Antonio Tajani: My outlook for EU research

16 Jan 2017 | News
Newly-elected EU Parliament President Antonio Tajani tells Science|Business where and how the EU should be spending its research cash in the coming years

My starting point is simple: there is no competitiveness - and hence no durable outlook for growth and jobs - without innovation.

A clear example of that was provided by the recent economic crisis, which only companies or small business that kept on investing in R&D managed to sail through safely.

When I say innovation, I am not only thinking of technological innovation. On the contrary, Europe should embrace a broader concept of innovation, of which social, business, design and service innovations are all part.

In a similar manner, we must look at innovation not as an isolated process but as value chain running from bold ideas to the marketplace.

What role then for the EU? The simple answer is that we must assess where European support is most needed and where it has the most added-value.

Europe has very good track record in research and development. But we are not always equally successful in commercialising our research results.

This is why, during my mandate as Commissioner for Industry and SMEs, the merger of EU research and innovation support into one single programme, Horizon 2020, was one of my priorities.

Within Horizon 2020 I also pushed through the creation of a dedicated SME Instrument, tailored to the needs of small and very small companies.

Today, Horizon 2020 is one of the largest international research and innovation programmes in the world. Its success and importance for innovation in Europe is undeniable.

At the same time, innovation is by essence a field where one cannot rest on past laurels, but must learn from experience and continuously seek improvements.

In view of the forthcoming review of Horizon 2020 and of the EU budget, I see three main challenges on which to act:

First off, Horizon 2020 should be focused on fewer priorities, with more impact. Low carbon technologies, climate and the circular economy, as well as new digital and data technologies should in my view be prioritised even more strongly than today.

Secondly, the European regional funds as well as the European Fund for Strategic Investment – better known as the Juncker Plan – must be geared up to support research and innovation and Horizon 2020 more effectively.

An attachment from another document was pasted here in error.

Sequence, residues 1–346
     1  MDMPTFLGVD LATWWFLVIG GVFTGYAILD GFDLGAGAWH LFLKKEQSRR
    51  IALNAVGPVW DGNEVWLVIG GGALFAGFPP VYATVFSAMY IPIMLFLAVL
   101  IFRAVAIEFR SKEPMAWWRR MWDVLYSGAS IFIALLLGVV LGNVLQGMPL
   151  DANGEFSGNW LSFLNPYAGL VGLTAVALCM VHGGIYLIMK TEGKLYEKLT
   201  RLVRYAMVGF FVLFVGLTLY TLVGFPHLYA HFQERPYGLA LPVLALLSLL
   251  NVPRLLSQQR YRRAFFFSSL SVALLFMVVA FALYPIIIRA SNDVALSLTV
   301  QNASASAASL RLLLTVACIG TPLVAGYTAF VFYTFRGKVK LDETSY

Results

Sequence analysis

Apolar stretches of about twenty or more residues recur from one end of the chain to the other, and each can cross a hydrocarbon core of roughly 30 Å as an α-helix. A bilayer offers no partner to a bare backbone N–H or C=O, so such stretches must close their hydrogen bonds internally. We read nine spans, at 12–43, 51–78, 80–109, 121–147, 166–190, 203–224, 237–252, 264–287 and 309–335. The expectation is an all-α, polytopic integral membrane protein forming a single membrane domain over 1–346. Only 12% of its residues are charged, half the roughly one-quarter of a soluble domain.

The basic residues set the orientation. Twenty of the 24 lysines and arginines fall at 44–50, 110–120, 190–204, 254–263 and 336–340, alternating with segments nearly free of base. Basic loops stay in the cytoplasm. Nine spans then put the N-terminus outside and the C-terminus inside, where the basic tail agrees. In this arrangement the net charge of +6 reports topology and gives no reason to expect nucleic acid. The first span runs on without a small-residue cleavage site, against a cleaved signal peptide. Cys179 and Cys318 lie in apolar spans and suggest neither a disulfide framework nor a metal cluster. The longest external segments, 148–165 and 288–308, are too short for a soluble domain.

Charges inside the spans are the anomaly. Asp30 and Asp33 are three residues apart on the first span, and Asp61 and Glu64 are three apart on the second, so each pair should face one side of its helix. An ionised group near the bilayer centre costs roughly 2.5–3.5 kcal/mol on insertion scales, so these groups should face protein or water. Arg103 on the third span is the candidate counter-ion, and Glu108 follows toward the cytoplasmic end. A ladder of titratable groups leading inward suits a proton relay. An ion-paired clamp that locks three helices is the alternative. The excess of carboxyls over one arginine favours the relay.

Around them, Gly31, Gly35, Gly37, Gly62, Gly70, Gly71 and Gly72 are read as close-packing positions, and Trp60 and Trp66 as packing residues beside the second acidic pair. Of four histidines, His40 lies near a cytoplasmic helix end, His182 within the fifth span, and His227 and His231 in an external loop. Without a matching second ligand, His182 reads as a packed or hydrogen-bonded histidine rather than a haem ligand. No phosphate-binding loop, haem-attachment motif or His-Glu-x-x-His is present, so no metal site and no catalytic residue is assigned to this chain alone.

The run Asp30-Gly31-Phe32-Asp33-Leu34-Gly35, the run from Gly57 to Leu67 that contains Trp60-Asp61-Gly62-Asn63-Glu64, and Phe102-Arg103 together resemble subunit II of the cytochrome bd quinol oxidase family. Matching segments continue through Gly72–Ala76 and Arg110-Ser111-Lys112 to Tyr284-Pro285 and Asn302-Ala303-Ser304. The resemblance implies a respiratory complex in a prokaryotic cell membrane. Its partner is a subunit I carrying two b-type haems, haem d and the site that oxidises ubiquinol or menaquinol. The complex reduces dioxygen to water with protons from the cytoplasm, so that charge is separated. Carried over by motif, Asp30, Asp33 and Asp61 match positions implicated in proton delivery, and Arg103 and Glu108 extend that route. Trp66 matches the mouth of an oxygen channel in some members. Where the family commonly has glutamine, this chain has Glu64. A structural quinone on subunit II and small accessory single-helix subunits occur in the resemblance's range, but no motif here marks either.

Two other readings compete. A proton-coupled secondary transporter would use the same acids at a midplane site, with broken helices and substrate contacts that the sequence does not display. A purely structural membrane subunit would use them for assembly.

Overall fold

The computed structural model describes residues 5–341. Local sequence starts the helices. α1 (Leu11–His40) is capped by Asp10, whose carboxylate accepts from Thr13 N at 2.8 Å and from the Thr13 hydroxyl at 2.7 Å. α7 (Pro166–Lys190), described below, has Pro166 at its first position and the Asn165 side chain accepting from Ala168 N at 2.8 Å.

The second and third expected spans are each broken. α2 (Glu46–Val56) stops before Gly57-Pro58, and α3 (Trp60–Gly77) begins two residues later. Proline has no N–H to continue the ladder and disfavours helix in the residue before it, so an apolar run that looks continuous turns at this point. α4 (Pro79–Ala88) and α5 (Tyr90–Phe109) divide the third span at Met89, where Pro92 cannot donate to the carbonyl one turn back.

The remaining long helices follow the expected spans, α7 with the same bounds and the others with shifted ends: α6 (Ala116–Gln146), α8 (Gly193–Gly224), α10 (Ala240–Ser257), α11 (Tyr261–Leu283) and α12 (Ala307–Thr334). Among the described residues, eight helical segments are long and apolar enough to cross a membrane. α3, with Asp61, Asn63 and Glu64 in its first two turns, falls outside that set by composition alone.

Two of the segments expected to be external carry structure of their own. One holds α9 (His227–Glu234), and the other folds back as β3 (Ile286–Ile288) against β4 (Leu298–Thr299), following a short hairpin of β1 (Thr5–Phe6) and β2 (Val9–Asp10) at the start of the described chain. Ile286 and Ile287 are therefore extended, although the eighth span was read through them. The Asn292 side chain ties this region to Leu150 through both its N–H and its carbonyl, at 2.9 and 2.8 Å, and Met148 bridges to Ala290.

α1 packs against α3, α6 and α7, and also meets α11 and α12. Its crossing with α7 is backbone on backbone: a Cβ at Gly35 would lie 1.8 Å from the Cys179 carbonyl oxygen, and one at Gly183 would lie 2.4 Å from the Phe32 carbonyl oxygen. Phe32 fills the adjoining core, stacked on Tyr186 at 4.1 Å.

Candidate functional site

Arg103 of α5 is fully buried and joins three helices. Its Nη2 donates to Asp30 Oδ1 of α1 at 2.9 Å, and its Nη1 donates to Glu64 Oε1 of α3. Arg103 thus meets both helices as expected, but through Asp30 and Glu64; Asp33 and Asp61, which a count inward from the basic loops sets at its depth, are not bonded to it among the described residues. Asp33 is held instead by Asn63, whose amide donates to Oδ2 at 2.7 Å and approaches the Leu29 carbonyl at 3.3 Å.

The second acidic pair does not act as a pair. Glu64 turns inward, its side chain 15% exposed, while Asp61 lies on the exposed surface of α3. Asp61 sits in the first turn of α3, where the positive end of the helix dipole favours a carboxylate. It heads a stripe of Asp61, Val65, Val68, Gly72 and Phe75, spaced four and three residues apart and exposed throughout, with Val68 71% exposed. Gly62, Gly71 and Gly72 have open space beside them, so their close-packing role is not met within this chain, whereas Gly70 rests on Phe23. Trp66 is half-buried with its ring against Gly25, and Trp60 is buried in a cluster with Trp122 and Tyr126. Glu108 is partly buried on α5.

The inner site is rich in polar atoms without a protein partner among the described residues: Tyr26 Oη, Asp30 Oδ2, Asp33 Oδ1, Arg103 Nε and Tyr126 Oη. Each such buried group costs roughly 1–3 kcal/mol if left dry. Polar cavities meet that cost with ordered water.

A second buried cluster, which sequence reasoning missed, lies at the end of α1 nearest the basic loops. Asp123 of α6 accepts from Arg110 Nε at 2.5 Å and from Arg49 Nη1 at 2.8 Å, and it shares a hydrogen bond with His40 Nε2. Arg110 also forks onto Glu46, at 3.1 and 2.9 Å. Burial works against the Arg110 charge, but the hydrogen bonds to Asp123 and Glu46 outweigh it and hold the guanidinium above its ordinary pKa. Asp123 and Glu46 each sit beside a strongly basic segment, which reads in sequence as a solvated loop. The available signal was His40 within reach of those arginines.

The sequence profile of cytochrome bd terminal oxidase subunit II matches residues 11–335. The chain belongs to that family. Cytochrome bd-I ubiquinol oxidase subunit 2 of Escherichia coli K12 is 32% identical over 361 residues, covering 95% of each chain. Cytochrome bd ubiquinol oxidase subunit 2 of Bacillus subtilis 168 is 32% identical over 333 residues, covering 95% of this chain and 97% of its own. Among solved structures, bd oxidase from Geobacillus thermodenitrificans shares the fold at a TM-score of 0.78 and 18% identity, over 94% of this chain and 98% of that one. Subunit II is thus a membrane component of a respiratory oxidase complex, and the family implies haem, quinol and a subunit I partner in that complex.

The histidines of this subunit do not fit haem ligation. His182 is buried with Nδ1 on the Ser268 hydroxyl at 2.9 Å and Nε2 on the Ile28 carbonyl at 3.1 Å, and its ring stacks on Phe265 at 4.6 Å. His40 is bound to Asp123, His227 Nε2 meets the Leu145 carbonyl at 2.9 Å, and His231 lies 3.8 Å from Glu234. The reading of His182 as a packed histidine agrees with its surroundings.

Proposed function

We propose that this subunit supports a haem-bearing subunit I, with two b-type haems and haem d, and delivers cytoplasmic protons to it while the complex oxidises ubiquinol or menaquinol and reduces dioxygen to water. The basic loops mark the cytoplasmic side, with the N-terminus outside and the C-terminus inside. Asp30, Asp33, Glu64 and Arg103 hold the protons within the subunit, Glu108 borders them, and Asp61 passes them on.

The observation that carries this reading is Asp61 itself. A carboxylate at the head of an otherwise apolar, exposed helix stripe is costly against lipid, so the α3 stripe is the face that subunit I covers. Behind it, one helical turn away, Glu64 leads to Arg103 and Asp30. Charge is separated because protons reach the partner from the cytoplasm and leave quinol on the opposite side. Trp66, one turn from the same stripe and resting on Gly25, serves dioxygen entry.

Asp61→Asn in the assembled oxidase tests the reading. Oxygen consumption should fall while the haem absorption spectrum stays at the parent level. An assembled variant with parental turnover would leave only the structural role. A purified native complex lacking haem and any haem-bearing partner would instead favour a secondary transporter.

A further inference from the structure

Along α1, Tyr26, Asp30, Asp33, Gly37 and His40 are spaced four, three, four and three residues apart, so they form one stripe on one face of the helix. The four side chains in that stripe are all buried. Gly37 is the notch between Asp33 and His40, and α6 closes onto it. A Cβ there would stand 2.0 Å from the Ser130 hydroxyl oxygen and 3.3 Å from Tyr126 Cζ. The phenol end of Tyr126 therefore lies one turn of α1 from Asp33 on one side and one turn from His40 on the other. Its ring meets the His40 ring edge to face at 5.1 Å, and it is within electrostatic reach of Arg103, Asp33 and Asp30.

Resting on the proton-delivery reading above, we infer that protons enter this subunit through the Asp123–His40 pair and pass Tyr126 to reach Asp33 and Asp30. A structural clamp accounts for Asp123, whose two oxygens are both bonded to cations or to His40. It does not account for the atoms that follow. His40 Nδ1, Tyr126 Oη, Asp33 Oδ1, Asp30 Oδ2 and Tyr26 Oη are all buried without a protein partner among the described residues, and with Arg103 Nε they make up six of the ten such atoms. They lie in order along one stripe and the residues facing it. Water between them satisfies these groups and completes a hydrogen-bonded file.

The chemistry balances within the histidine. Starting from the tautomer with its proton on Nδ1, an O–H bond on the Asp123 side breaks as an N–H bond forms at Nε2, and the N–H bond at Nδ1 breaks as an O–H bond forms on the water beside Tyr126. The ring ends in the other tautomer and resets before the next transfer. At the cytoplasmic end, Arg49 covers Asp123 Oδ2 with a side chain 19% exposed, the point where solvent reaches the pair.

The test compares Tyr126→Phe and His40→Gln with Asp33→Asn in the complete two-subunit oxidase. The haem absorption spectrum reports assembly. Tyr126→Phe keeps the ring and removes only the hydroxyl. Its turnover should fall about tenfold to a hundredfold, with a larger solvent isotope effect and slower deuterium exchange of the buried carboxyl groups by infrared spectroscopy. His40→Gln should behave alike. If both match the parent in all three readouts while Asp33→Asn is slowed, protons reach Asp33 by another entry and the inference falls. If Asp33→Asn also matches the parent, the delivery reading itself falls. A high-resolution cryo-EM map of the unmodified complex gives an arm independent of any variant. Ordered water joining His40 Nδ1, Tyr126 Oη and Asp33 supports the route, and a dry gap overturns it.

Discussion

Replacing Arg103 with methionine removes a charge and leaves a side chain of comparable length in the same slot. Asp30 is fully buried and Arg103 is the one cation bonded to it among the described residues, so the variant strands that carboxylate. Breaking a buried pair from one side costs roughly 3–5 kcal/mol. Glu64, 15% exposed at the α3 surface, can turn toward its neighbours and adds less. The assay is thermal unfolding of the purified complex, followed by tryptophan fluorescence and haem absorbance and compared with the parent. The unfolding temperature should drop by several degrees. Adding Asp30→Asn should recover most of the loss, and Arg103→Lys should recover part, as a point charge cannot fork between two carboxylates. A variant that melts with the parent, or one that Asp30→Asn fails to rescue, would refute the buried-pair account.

EU policies and programmes are like pieces of a puzzle that should be seamlessly fitted together. This is not always the case today. Every euro counts and we must therefore fine-tune the design of our instruments to maximise the support to research and innovation.

Last but not least, my conviction is that when acting in common we can be bolder and more ambitious. To me, part of the EU’s value-added lies precisely in large-scale innovation projects where member states on their own are too small or not up to the task.

Both as Commissioner for transport and, separately, for industry, I stood behind two of Europe’s flagship space projects, Galileo and Copernicus, in very difficult times. Many member states voiced doubts when it came to securing their budgets for the period 2013-2020.

Eventually, thanks notably to strong support in the European Parliament, we managed to finance their infrastructure deployment.

Copernicus has now been operational for a couple of years and Galileo launched its initial services last December.

Had it not been for the EU, Europe would not have had a navigation system today, independent from America’s GPS.

I am also convinced that these two programmes will deliver a whole new ecosystem for research and innovation to the benefit of European industry and consumers.

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